Donwill, a member of the bi-city rap trio Tanya Morgan (a Tribe Called Quest–like group that samples old-school hip-hop), just released a solo album with the interesting title Don Cusack in High Fidelity. As the name suggests, the album is a straight-up homage to Stephen Frears’s 2000 film, with Donwill taking John Cusack’s starring role, complete with spoken re-creations of the movie’s dialogue. (“Did I listen to pop music because I was miserable? Or was I miserable because I listened to pop music?”) The rapper recently spoke to us about using the movie as inspiration, the difficulties of explaining the concept to others, and how he should probably read the book.
With High Fidelity, which came first for you, the book or the movie?
[Long pause.] I’ve not read the book. People keep telling me to; of course, the book is always better than the movie. There was a lot the movie had to leave out or imply that I would enjoy reading, so I’ll probably pick that up.
I was surprised by how much dialogue you recite from the movie. Was that always planned, or did you decide to add that later?
It was definitely added later. When I sat down with the material it just felt like it needed a mechanism to push the songs along in order to gel with the story line.
Was it important to you to stay close to the source?
That was why I did it, to explore the territory of really conceptually digging in — almost like a book report, if you will. I wanted it to be a wholehearted adaptation. At this point, if I did another conceptual album — I don’t think that I would do one, per se — but if I could do this one over, I would do the same thing, really skit-based. I enjoy that.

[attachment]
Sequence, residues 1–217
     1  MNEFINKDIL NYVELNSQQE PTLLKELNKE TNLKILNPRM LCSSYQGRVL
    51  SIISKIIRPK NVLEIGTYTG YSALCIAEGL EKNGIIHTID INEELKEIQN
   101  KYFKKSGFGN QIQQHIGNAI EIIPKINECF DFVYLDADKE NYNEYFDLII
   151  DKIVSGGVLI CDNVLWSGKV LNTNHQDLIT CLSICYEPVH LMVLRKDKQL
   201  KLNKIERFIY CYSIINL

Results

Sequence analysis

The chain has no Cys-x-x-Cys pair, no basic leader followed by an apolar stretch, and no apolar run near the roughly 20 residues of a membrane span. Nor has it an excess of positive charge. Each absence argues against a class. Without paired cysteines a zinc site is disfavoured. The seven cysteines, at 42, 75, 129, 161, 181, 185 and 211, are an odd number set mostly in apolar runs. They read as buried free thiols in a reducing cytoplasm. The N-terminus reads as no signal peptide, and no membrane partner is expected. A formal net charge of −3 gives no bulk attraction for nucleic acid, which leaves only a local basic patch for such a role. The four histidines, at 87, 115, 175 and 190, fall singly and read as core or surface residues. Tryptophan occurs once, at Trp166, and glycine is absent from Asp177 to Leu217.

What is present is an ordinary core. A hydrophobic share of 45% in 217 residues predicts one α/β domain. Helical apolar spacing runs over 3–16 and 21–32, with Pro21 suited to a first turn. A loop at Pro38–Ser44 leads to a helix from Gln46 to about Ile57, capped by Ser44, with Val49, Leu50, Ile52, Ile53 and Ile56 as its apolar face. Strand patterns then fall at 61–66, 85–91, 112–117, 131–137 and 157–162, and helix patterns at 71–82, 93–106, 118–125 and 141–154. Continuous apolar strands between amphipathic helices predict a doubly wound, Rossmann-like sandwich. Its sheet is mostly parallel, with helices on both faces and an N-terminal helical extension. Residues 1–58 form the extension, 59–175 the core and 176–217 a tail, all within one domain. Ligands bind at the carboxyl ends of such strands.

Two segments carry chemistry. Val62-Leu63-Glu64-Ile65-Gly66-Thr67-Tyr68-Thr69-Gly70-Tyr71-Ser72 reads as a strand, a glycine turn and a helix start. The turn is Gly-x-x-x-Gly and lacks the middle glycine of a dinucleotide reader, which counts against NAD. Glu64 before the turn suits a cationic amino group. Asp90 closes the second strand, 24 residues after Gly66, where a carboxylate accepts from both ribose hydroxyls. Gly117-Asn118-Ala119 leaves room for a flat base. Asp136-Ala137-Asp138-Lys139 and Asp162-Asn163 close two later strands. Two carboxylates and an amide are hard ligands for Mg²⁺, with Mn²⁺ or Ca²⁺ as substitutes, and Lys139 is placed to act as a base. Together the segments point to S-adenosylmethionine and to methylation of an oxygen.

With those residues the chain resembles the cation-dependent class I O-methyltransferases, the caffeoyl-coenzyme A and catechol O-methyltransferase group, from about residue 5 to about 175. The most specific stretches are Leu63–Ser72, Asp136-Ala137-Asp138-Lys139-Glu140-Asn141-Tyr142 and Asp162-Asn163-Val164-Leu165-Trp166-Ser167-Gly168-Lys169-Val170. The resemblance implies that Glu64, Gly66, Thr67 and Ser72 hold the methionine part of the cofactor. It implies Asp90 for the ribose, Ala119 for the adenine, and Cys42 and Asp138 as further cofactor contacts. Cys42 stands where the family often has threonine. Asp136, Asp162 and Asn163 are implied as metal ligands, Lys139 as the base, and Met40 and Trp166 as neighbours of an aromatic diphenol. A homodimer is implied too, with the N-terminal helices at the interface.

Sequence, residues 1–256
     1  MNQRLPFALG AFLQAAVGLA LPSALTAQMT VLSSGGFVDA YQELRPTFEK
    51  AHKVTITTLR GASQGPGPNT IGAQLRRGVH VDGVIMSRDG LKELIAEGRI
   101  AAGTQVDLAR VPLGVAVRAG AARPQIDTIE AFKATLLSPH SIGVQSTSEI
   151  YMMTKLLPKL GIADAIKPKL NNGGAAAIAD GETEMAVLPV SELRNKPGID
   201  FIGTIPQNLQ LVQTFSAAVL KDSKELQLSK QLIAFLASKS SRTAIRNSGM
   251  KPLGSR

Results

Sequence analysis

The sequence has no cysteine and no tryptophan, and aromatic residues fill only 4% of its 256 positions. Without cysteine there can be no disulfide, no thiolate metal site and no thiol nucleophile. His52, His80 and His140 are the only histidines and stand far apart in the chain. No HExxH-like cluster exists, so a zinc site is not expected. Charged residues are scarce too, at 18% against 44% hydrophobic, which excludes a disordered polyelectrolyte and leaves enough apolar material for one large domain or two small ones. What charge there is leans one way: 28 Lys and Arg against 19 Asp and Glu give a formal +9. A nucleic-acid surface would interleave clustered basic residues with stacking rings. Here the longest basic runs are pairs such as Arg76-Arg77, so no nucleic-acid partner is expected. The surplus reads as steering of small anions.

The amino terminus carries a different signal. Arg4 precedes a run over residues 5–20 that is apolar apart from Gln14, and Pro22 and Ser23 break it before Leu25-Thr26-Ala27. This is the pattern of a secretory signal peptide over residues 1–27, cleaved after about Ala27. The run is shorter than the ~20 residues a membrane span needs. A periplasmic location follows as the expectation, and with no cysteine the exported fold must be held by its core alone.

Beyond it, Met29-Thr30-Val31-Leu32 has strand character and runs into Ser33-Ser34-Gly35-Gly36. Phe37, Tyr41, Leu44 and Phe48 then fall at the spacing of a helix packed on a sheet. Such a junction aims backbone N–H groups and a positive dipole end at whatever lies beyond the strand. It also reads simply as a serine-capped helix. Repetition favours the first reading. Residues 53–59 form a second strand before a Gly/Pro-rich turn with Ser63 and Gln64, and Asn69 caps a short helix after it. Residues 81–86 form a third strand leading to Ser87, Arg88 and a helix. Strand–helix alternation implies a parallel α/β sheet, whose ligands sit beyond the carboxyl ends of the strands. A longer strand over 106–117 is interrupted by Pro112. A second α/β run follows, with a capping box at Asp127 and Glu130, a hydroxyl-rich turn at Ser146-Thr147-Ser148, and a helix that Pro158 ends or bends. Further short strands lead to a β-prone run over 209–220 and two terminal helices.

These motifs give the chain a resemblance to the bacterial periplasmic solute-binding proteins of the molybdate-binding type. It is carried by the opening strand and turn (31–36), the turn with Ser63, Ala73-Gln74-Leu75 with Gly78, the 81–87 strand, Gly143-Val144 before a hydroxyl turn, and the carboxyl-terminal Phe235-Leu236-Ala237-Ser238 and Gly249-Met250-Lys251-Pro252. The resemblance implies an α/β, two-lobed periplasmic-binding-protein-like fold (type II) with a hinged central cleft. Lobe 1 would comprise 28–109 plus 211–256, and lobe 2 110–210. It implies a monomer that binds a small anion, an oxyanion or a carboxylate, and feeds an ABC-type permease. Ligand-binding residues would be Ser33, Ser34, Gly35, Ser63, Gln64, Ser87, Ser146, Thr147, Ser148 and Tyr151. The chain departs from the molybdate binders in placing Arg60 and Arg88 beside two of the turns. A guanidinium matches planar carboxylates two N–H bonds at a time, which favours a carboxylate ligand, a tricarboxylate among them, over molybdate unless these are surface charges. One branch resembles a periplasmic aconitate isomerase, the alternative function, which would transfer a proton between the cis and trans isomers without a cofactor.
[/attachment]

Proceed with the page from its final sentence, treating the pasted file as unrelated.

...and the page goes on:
My sense is that your group, Tanya Morgan, is more or less a democracy. Is that true?
I would agree with that. I would say we maintain a certain individual autonomy. Even with the group material, songs are submitted, even the beats. You can get outvoted on songs. They’re very much involved in my solo material. They’re my council of trust. When I finished the album, the first people to hear it were Von and Ilyas. Those are the two people I trust as my second set of ears.
Given all that, I have to imagine it was kind of satisfying to cast them in supporting roles on the song “Championship Vinyl,” and then later on, refer to their characters as “the musical moron twins.” Did they give you any dirty looks about that?
[Laughs.] No, they didn’t. Sometimes as artists, man, we think we know everything, because we love what we love, and our tastes are our tastes. And in the group, we’re subject to each other’s tastes. Doing the album alone was like, “I can get all this singing and R&B on my album, and nobody can tell me I can’t.”
The album has a lot of guests. How do you approach people with an idea like this?
I definitely had to kick it to them differently. Like, with “Ian’s Song,” it was like, “So, Opio, I want to get you on this song. But here’s the catch: You have to say the name Laura and you have to be named Ian.” He was just like, “What?” But when I explained it to him, it turned out he liked the movie also.
Have you gotten any feedback from John Cusack or Nick Hornby or anyone else involved with the movie? Have you run into any kind of rights stuff?
I haven’t. [Laughs.] I’m kind of just hoping it can get on-shelf before any sort of anything happens regarding that. But I want them to hear it. I want Nick Hornby to hear it. It’s not like a Warner Bros. release where 250,000 units are shipped; it’s a small independent release. I don’t necessarily see it being a problem. But I do understand how it could be a problem.